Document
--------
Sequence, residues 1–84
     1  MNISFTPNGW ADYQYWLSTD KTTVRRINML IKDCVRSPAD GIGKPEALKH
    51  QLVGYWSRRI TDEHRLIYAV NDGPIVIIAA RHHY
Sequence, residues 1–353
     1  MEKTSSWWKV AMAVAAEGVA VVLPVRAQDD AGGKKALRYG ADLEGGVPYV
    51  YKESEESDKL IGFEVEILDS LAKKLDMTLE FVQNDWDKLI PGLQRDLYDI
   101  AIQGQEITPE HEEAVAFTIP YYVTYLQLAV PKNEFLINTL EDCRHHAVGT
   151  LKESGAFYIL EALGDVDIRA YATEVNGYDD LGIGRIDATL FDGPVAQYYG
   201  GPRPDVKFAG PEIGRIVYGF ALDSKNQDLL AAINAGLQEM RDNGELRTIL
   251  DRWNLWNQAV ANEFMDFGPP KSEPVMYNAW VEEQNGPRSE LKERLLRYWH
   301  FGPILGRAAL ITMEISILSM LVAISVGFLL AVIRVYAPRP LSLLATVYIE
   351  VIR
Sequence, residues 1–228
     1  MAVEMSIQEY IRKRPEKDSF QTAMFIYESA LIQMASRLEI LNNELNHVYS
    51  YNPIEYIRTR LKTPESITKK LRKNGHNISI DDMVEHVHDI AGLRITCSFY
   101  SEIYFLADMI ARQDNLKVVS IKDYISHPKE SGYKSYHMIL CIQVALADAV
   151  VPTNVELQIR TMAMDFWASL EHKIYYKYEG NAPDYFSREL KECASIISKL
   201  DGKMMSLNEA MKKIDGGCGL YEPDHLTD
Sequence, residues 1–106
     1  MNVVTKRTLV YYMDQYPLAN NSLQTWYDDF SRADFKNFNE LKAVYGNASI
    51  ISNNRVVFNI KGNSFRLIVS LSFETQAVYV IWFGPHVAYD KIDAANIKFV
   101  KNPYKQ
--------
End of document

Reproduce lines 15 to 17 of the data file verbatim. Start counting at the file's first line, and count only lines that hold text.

    51  YNPIEYIRTR LKTPESITKK LRKNGHNISI DDMVEHVHDI AGLRITCSFY
   101  SEIYFLADMI ARQDNLKVVS IKDYISHPKE SGYKSYHMIL CIQVALADAV
   151  VPTNVELQIR TMAMDFWASL EHKIYYKYEG NAPDYFSREL KECASIISKL